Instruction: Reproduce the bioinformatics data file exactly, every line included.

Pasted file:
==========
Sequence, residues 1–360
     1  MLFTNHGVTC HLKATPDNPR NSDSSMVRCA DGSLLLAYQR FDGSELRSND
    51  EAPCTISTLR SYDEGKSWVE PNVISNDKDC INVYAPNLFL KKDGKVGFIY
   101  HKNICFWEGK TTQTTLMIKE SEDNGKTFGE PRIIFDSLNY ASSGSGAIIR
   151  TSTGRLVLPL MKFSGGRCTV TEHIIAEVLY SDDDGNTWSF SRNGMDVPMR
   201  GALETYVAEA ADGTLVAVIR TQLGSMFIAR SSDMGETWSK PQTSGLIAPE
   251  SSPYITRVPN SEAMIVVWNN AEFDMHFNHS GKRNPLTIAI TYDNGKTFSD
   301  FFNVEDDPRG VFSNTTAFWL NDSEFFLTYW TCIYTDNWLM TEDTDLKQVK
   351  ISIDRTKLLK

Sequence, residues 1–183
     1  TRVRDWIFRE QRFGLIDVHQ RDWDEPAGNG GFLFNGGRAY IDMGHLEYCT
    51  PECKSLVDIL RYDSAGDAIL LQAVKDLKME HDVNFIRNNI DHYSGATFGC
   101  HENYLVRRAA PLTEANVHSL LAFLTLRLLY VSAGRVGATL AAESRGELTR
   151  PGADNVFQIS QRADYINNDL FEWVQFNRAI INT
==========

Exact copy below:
Sequence, residues 1–360
     1  MLFTNHGVTC HLKATPDNPR NSDSSMVRCA DGSLLLAYQR FDGSELRSND
    51  EAPCTISTLR SYDEGKSWVE PNVISNDKDC INVYAPNLFL KKDGKVGFIY
   101  HKNICFWEGK TTQTTLMIKE SEDNGKTFGE PRIIFDSLNY ASSGSGAIIR
   151  TSTGRLVLPL MKFSGGRCTV TEHIIAEVLY SDDDGNTWSF SRNGMDVPMR
   201  GALETYVAEA ADGTLVAVIR TQLGSMFIAR SSDMGETWSK PQTSGLIAPE
   251  SSPYITRVPN SEAMIVVWNN AEFDMHFNHS GKRNPLTIAI TYDNGKTFSD
   301  FFNVEDDPRG VFSNTTAFWL NDSEFFLTYW TCIYTDNWLM TEDTDLKQVK
   351  ISIDRTKLLK

Sequence, residues 1–183
     1  TRVRDWIFRE QRFGLIDVHQ RDWDEPAGNG GFLFNGGRAY IDMGHLEYCT
    51  PECKSLVDIL RYDSAGDAIL LQAVKDLKME HDVNFIRNNI DHYSGATFGC
   101  HENYLVRRAA PLTEANVHSL LAFLTLRLLY VSAGRVGATL AAESRGELTR
   151  PGADNVFQIS QRADYINNDL FEWVQFNRAI INT